The farm is looking a little drab at present. Back in the autumn, the wheat germinated and the fields turned from bare brown earth to a glorious green but now some of the fields are turning brown again. Look in one direction and the field is green.
Look the other way and the field is distinctly lacking wheat plants. The bare patch where there’s no green wheat started at the edge of the field next to the country park and each morning it gets a little larger.
The problem is rabbits. The expression ‘breed like rabbits’ is not without foundation. A rabbit becomes sexually active at four months and a female can produce 20 young in a year. That multiplies into a lot of rabbits over the year and given that seven rabbits can eat as much as a sheep, you can imagine the size of the problem. The rabbits causing us problems live in the neighbouring country park where there are plenty of undisturbed areas with banks of earth and tangled undergrowth. It must be heaven for them to have a sheltered burrow with just a quick hop across to a field of tender green wheat shoots.
The obvious (if expensive) solution would be to rabbit fence along the field boundaries but we’d have to leave gaps where the public footpaths and bridleway lead out of the field and as many people feel they have the right to walk wherever they like (which they don’t) they would soon trample the fencing. Instead, we have a team of pest controllers, who come out at night time to shoot the rabbits and Bill sets baited rabbit cage traps. A trail of carrots (cut lengthwise because that’s the tastiest way) lure the rabbit into the cage, whereupon the door closes behind them trapping them in the cage. On the plus side for the rabbit, it gets a final meal of tasty carrots but on the minus side, it’s humanely despatched in the morning.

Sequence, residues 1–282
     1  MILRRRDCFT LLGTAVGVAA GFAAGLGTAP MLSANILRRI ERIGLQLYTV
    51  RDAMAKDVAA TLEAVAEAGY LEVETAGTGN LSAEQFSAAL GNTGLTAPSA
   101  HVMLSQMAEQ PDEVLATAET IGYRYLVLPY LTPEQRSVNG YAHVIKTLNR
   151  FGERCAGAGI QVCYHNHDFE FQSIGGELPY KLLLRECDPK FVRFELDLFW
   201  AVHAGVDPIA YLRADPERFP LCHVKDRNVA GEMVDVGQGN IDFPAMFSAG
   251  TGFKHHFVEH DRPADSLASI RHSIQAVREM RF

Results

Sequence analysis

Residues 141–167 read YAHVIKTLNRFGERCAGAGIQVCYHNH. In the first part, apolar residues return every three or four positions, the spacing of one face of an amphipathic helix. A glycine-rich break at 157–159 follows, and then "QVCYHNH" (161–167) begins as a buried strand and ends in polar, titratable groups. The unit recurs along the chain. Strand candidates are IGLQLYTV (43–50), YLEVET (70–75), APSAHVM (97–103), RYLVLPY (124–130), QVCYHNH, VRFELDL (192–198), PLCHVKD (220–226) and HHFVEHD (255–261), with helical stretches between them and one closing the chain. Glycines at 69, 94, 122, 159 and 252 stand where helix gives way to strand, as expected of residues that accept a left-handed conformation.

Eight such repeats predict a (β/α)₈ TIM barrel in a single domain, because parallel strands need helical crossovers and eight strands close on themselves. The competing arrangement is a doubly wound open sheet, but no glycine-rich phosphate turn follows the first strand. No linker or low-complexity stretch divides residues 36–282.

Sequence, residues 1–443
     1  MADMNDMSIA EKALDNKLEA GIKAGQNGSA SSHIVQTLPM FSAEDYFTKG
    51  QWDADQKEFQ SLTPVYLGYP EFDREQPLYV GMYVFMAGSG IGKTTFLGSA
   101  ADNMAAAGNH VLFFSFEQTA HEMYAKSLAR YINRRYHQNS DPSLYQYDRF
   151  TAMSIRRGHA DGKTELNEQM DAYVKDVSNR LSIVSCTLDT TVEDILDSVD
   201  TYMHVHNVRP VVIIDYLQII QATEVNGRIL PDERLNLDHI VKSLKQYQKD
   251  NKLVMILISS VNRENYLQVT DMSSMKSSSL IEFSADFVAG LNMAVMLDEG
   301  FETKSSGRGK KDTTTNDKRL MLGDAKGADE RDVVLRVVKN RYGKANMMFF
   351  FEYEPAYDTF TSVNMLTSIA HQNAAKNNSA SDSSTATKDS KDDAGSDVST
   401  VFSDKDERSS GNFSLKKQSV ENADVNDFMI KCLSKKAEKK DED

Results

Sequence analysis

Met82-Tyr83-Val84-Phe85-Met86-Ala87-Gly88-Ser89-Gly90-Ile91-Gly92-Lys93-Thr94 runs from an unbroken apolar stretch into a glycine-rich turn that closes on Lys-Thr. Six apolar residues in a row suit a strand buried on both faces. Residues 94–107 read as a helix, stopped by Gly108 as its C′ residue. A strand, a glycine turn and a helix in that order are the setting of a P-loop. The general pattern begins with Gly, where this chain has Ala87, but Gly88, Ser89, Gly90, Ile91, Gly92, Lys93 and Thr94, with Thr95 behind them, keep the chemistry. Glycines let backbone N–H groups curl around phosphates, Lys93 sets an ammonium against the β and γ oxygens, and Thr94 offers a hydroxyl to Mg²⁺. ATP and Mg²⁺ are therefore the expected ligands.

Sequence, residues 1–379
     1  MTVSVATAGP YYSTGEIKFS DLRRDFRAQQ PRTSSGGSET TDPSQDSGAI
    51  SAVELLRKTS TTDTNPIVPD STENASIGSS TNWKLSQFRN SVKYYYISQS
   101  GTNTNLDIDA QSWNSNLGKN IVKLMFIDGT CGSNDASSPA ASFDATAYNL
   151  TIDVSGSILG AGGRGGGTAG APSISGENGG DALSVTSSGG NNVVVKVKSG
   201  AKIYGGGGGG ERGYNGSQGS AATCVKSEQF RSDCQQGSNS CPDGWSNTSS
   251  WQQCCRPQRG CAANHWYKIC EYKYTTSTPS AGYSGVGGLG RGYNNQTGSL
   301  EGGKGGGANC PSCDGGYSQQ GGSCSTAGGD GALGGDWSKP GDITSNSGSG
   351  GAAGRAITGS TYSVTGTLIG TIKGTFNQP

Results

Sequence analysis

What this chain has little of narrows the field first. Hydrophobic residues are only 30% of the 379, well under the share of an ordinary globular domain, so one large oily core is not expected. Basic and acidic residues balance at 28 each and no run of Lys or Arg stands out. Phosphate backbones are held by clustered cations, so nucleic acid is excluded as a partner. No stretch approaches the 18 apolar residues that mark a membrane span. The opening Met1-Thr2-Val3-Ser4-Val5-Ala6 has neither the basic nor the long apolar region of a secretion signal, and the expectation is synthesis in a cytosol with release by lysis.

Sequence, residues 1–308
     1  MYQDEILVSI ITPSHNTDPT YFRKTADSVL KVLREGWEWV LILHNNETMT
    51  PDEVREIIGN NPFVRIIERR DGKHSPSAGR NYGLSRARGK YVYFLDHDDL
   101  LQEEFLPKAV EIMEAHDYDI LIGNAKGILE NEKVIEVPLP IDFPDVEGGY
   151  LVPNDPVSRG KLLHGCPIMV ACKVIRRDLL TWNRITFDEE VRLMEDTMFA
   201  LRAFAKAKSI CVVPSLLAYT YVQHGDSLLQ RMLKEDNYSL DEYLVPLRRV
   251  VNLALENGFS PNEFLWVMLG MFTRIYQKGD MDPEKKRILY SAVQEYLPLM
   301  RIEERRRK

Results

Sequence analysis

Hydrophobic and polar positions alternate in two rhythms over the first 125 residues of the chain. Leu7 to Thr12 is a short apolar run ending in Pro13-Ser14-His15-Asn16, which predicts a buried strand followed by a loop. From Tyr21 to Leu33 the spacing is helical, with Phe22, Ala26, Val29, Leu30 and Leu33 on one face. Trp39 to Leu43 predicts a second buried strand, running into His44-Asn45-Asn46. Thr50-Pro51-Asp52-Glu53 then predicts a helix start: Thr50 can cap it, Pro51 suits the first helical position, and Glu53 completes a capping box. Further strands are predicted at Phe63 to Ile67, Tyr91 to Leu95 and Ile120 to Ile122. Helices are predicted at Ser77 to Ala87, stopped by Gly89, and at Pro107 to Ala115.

Meanwhile, in the yard the hens, ducks and guinea fowl are still shut in as there is an Avian Influenza Prevention zone across the whole country until the end of this month. The ducks used to spend daytime on the pond or wandering about and at night were shut in an outside run with a piece of curved corrugated tin serving as a shelter in the worst of the weather. Under the rules and regulations of AI Prevention, this couldn’t carry on so we adapted the old pig shed for them using copious amounts of chicken wire to keep out wild birds. The ducks call out plaintively to anyone who passes them, they’re off their food a bit and they make an incredible mess with their water. They aren’t happy. I’m not happy. But they don’t have bird flu.
The hens seem less perturbed, though they dash for the door every time I go in and as for the guinea fowl. Who knows? They’re shut in with the hens and rush around putting everyone in a bit of a flap, with the hens jumping for the safety of the nesting box while the cockerel just stands looking perplexed.
Sometimes, I know how he feels.